THUNDER BAY – Thunder Bay Police Service Primary Response officers dealt with two separate incidents this past weekend involving altercations between patients and health care workers at the Thunder Bay Regional Health Sciences Centre (TBRHSC).
First, TBPS officers transported a 15-year-old female involved in a mental health call to the hospital on the evening of Saturday June 18, 2022. A health care worker was assaulted while attempting to aid the female. The worker sustained a nonlife threatening injury and had a personal item damaged in the altercation.
The 15-year-old was subsequently charged with Assault Causing Bodily Harm and Mischief Under $5,000. This individual cannot be identified in accordance with the Youth Criminal Justice Act.
Second, a health care worker was struck by a patient at the TBRHSC on the afternoon of Sunday June 19, 2022. TBPS officers responded to investigate. The health care worker was not injured and did not wish to have the patient charged. A police report was filed by the responding officer following this incident.
The Thunder Bay Regional Health Sciences Centre on June 10th launched an anti-violence program.
Thunder Bay Regional Health Sciences Centre (TBRHSC) has launched a public campaign aimed at bringing awareness to the issue of workplace violence.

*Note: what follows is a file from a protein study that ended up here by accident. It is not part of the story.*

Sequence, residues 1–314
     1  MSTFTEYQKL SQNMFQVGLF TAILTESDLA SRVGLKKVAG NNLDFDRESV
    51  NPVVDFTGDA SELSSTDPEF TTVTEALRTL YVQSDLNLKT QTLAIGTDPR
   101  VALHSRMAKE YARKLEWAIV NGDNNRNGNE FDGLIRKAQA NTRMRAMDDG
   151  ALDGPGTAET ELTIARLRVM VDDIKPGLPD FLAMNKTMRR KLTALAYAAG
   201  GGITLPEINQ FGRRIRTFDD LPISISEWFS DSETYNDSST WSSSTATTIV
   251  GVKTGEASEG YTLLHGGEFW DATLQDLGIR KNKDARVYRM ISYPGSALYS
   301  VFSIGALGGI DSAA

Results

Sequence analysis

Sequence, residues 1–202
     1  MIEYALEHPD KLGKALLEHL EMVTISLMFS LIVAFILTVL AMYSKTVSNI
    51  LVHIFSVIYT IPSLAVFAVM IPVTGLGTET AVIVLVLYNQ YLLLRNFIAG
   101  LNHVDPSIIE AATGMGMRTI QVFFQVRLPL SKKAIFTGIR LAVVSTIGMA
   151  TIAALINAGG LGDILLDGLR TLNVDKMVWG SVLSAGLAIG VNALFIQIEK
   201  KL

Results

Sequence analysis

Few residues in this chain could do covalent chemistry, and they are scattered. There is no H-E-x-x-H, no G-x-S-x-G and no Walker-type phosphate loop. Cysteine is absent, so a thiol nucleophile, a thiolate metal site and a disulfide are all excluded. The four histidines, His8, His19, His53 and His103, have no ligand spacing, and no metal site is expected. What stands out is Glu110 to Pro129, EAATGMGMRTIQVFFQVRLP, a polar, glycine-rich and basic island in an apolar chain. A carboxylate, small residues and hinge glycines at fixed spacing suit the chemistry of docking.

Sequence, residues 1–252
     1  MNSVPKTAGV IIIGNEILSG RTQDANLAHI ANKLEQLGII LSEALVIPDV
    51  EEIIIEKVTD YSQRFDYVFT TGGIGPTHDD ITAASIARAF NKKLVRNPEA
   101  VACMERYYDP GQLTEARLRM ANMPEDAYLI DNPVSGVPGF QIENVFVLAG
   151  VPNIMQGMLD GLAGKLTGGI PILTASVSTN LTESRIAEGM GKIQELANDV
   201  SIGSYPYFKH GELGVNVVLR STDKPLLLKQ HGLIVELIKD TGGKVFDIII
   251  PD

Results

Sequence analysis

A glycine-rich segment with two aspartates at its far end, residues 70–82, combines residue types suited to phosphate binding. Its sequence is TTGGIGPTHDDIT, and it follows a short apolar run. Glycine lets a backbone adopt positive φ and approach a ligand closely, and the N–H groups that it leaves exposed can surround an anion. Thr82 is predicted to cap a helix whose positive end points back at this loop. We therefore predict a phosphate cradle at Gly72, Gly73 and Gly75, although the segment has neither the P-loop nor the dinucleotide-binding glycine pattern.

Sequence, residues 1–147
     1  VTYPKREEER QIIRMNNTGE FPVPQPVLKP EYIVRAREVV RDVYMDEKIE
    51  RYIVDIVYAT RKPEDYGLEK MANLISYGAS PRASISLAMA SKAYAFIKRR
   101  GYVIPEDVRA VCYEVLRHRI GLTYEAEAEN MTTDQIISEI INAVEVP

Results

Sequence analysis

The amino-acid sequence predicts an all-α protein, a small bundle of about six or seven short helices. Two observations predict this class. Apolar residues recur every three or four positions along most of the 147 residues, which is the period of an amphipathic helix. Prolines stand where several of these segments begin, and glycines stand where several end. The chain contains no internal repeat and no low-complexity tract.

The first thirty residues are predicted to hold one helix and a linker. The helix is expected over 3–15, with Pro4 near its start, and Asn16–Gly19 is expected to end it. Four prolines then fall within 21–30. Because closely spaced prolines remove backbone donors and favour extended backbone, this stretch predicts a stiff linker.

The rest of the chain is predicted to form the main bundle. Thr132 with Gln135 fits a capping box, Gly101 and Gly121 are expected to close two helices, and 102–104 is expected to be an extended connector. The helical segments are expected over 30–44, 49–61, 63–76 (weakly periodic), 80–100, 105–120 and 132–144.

Designed internally, and with extensive input from front line staff and Patient Family Advisors, the campaign will acknowledge the workplace violence challenges in the ED, remind the community to act in a respectful manner with health care workers, emphasize that any form of violence will not be tolerated, and show support for ED staff and all health care workers at TBRHSC.
Over the past decade, workplace violence in the health care sector has been increasing, and the COVID-19 pandemic has only magnified the issue. A 2017 report by the Canadian Federation of Nurses Unions (CNFU) states “the number of violence-related lost-time claims for frontline health care workers has increased by almost 66% over the past decade, three times the rate of increase for police and correctional service officers combined.”
“Health care workers have the right to do their jobs in an environment that is free from violence,” said President and CEO Dr. Rhonda Crocker Ellacott. “Workplace violence can take the form of physical assault, emotional or verbal abuse, racial or sexual harassment, or bullying and can be perpetrated by patients, family members and other visitors, co-workers or superiors. Workplace violence affects both staff and patients while eroding the quality of care and impacting health outcomes.”